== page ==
noun – A sleeve joined to the body of a garment by a seam starting at the edge of the shoulder and continuing around the armhole.
from the GNU version of the Collaborative International Dictionary of English.
In a blouse or shirt, I find 1/2-5/8” of ease works the best. In a jacket or coat, the sleeve head ease is increased to 3/4-1 1/4”.
CONSTRUCTION DIRECTIONS – Baste in by machine gathering stitches.
1. Use the longest stitch your machine has.
2. Sew the basting stitches with the right side of the fabric up. You will be pulling the bobbin basting stitches (wrong side of fabric). This will enable you to adjust the stitches when you place right sides of fabric together when you attach them. AND, the bobbin thread tension is slightly looser making gathering easier.
3. Start your basting stitches at the notch/notches. ✔️Double notches indicate this is the side that attaches to the body back.
4. On a pattern that uses 5/8” seam allowances, start your basting stitch 1/2” from the raw edge. Stitch from notch to notches (left sleeve) and notches to notch (right sleeve). Pivot with the needle into the fabric toward the center of the sleeve, stitch 2 stitches. Pivot with the needle on the fabric to return stitching 3/4” away from raw edge, parallel to the 1/2” basting stitch.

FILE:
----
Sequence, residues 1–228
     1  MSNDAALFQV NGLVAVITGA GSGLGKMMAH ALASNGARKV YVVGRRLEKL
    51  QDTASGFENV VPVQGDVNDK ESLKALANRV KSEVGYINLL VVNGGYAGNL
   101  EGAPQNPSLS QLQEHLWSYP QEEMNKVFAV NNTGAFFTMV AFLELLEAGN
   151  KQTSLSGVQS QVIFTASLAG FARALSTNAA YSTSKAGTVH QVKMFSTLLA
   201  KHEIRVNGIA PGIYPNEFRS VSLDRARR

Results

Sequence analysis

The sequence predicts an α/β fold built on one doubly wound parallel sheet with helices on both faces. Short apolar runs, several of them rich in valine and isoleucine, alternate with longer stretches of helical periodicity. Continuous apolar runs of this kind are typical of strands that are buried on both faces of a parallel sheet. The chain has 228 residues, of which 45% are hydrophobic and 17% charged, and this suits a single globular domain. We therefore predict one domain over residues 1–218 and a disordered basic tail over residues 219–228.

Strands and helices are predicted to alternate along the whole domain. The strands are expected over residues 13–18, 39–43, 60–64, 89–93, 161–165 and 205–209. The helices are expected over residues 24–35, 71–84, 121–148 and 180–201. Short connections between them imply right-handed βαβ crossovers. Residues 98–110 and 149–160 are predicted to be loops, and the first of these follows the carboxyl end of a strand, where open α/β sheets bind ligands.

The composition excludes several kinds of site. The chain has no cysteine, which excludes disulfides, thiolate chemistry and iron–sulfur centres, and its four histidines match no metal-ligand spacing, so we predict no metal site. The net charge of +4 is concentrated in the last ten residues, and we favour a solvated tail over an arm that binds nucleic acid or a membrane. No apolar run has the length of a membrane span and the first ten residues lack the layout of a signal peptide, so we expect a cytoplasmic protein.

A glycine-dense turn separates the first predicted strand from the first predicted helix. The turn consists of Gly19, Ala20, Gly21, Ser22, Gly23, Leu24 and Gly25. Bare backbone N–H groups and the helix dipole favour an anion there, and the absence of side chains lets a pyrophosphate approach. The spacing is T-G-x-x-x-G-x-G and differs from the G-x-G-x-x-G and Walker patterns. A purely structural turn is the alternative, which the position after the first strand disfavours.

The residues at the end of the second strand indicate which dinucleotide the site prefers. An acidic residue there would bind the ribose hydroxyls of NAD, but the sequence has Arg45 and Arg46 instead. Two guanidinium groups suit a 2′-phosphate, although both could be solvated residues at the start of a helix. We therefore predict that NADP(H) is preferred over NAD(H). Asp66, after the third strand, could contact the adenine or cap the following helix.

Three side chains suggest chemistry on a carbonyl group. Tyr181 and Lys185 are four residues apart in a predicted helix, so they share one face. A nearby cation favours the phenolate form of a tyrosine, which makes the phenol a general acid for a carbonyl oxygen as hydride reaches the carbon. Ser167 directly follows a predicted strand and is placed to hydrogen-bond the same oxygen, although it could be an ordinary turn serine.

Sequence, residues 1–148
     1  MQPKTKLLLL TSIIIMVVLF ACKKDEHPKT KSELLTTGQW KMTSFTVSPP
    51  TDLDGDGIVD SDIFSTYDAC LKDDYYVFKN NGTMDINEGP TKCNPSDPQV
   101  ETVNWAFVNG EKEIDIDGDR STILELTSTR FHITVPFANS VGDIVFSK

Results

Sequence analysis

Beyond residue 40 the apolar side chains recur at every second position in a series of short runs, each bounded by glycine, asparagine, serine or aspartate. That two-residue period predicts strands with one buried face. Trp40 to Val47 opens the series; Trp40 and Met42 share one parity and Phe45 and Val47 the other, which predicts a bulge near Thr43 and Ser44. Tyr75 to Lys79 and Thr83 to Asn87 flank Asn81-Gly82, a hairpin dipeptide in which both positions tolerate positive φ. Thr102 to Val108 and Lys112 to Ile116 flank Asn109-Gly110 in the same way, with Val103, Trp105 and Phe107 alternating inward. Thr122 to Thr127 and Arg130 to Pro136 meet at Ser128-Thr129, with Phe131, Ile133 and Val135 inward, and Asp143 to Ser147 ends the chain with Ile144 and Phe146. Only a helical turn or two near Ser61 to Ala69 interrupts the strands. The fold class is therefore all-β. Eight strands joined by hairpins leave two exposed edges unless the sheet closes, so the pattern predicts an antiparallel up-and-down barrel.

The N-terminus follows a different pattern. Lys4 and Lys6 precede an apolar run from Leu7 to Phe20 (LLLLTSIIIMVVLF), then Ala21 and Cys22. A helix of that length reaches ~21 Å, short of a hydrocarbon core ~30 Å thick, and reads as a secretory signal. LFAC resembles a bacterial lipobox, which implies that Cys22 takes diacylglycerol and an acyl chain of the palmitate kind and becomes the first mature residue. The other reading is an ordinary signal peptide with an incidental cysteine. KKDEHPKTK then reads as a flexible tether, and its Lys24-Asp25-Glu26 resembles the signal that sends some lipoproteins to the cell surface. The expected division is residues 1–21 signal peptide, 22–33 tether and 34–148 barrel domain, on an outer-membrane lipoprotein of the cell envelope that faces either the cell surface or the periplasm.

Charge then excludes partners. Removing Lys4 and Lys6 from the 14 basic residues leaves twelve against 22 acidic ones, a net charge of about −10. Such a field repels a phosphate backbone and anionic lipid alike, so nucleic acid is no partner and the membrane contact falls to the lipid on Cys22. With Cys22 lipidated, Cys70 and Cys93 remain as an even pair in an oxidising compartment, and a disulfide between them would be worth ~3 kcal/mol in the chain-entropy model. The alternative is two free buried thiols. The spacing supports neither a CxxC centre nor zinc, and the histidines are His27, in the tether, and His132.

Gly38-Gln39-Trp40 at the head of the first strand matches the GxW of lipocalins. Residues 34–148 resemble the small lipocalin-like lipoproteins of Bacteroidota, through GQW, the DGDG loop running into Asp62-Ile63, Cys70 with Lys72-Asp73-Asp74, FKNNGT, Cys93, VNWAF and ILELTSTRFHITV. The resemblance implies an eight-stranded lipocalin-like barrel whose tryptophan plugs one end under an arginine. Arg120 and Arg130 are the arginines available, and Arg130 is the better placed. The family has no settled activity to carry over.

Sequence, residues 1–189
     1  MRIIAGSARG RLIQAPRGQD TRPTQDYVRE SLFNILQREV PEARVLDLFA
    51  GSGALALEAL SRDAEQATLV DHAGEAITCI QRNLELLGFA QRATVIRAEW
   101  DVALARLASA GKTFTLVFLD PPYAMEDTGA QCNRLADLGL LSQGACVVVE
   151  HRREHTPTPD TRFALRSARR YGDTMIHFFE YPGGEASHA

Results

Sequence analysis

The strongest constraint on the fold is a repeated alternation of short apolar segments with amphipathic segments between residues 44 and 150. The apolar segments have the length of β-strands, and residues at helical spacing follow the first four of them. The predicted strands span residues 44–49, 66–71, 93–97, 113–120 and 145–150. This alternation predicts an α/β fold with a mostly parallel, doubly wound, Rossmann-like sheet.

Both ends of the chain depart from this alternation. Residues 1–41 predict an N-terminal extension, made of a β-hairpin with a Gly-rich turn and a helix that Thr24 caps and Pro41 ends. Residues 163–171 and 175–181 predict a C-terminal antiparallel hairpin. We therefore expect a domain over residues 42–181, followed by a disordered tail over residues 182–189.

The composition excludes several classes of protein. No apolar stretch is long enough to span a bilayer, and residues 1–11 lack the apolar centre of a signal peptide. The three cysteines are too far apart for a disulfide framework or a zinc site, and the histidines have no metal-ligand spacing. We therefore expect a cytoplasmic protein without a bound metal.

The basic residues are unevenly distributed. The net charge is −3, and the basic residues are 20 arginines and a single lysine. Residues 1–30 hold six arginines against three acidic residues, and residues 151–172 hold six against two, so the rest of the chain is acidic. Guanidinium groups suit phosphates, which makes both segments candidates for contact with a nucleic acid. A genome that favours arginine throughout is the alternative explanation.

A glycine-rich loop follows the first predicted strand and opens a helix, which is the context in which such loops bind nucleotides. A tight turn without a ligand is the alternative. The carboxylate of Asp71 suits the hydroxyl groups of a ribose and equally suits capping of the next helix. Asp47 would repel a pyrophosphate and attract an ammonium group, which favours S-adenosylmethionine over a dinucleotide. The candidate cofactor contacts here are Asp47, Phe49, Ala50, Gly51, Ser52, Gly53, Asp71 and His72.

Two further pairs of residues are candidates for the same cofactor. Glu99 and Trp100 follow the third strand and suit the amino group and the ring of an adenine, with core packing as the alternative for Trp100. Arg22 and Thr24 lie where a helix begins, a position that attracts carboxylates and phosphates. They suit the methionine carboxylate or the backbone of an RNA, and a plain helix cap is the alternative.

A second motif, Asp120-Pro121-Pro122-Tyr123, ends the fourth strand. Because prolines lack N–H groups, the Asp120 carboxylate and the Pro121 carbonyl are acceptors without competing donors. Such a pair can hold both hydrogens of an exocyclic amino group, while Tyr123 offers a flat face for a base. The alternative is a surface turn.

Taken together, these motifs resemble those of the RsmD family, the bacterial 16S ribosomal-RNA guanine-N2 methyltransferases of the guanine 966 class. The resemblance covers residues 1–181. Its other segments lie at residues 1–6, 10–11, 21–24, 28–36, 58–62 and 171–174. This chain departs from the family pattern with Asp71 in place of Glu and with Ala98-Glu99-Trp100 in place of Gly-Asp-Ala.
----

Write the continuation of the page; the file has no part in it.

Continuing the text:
5. Stitching the basting lines 1/8” on each side of the seam stitching line prevents accidental pleating as you sew in the sleeve in.
6. Sewing Tip – pull the basting threads until you have gathers, then release all the gathers. There will be ease left that in most cases the perfect amount of ease allowing you to sew in the sleeves without puckers 🤗.
7. Sew the underarm seam and finish the seam allowances in you preferred method.
8. Sew in the sleeve in a continuous seam all around the armhole. Pin the left sleeve to the left armhole. That may sound obvious but you have a 50% chance of doing it wrong if you are not paying attention. First pin in the sleeve underarm seam to the side seam with the right sides of the fabric together. Next pin in the shoulder seam to the top dot on your sleeve. (I am not going into adjusting the correct hang of the sleeve in this construction directions, that is covered in fitting a muslin). Pin in the remaining sleeve starting with the side you pivoted the basting stitches.
Too Much Ease in your Sleeve head?
If you are using a commercial pattern, an easy solution to reduce your ease is to draw a perpendicular line to the grain line in the sleeve head. Draw a second line parallel to the first line half the excess ease you need to take out. Fold along one line and place on second line. Tape together. It does not matter which line you fold, it comes out the same. True the edges if necessary.
If you need to add ease, draw the same first line. Extend drawing the grain line up to the top of the sleeve head. Cut and spread half the distance of the ease you need. Align the grain lines together. True or blend the edges of the sleeve head.